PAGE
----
Intergenerational Storytelling

The Graveyard Book

“I want to see life. I want to hold it in my hands. I want to leave a footprint on the sand of a desert island. I want to play football with people. I want,” he said, and then he paused and he thought. “I want everything.” (Neil Gaiman, The Graveyard Book)

I could go on and on (and on and on and on) about this book. There are so many themes to be explored: the family we choose, the safety of home, the importance of stepping out of our comfort zone, the need to protect and nurture a child while they’re young so they can be strong enough to face the big bad world when their time comes, what parenthood means, the fact that we cannot outrun our fears, the importance of making our peace with the past, being an outsider, learning from different peoples and cultures, knowing when to blend in and when to get involved… But I’ll choose learning from stories – and pasts.

In BECOMING HUMAN, Vanier fantasizes about a world where everyone loves at least _one_ person who is challengingly different from themselves and is open enough to learn from them. “It means making an effort not to speak of others from the place of our inner wounds and fears, thus devaluing and judging them. It means not avoiding those who are different, but rater approaching them with a listening heart. […] This is a constant struggle, something we will always do imperfectly.”

We talk about how algorithms eschew us towards like-mindedness. Ideas of diversity and otherness are bandied about, but I’ve been increasingly aware that the “bubble” of interaction is even more restrictive than I used to think.

I challenged my students (long story) to engage with someone who was “other” than them. I didn’t care how they defined “other” and they varied: political views, big city vs. small town, only child vs. many siblings, home schooled vs. public school, introvert vs. extrovert, optimist vs. realist… It was fascinating (to me) to read their essays. The one theme I hadn’t expected (and maybe should have) was that a significant number chose to engage and interact with elders as their case study. What fascinated me was that every one of these essays began with them saying that they had NO contact with elders in their day to day life.

As a pediatrician, I grew used to hearing new moms and dads exclaim that theirs was the first baby they’d held, first diaper they’d changed, and first child they’d really interacted with. I came to expect it. I was almost surprised when a parent would come along with “previous experience”.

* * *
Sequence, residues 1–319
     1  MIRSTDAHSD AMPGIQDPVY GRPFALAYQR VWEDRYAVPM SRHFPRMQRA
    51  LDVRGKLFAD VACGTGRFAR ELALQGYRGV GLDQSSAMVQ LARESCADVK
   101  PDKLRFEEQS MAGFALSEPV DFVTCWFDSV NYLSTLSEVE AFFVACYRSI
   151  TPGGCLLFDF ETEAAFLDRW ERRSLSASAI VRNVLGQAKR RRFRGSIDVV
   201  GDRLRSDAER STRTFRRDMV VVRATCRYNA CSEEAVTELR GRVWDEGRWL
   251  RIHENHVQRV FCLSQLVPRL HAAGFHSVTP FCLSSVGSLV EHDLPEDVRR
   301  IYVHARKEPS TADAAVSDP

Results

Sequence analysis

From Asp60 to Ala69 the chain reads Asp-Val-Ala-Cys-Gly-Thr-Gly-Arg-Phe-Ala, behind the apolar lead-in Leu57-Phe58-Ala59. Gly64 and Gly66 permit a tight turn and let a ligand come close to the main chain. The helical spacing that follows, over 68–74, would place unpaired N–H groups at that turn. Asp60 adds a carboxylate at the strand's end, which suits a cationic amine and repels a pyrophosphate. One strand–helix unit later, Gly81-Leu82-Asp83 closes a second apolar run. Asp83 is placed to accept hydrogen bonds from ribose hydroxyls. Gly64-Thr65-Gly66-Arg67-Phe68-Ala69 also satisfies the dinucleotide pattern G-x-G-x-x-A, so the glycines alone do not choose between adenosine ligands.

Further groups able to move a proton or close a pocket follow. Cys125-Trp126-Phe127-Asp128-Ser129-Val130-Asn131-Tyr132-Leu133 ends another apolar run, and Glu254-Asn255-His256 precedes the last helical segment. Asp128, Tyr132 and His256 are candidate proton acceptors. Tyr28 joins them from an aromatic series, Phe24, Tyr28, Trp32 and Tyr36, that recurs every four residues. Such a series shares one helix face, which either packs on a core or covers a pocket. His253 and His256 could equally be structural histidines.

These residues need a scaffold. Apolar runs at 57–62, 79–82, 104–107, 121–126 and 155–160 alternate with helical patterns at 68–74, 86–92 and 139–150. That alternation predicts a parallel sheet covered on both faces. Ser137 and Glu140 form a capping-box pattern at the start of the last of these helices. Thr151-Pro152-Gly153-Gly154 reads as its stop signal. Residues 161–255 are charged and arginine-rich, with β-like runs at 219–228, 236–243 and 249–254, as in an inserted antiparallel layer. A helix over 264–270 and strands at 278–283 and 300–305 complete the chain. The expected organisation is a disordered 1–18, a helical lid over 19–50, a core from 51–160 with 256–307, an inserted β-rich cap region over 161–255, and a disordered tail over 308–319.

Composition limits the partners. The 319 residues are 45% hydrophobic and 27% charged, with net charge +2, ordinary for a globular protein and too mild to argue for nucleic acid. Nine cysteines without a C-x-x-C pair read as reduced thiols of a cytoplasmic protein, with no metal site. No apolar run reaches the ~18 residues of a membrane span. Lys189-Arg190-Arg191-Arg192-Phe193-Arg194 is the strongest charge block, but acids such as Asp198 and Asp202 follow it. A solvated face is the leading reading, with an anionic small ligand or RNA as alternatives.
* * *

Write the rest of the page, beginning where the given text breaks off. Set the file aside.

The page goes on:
I hadn’t considered the opposite side of the spectrum. How insulated we’ve become! Modern life seems to preclude so much. We’re becoming disengaged from our collective past. Those who hold the stories don’t always have an audience to tell them to.

I love stories.

I mean… anyone who follows me knows that I love books. I call them friends – as in, “So many of my best friends are dead…”

Stories have taught me. If we are an amalgam of books we’ve read, people we’ve loved – and have loved us, and places we’ve been… they don’t all contribute in the same percentage. My library (not the actual physical books in my house or any given brick and mortar library, I mean the words I’ve read throughout my life) has been one of the biggest influences in shaping me.

This morning, as I walked to my new friend’s home for our Friday morning tea, I considered the importance of inter-generational storytelling and it hit me that part of why I identify with Bod is that he speaks to dead people. I read their words. He hung out with them. He was shaped by multiple centuries, eras, and stories. He gained perspective and a broader scope of the world. Then, when he was ready… he lived.

“Bod shrugged. “So?” he said. “It’s only death. I mean, all of my best friends are dead.”
“Yes.” Silas hesitated. “They are. And they are, for the most part, done with the world. You are not. You’re alive, Bod. That means you have infinite potential. You can do anything, make anything, dream anything. If you change the world, the world will change. Potential. Once you’re dead, it’s gone. Over. You’ve made what you’ve made, dreamed your dream, written your name. You may be buried here, you may even walk. But that potential is finished.”

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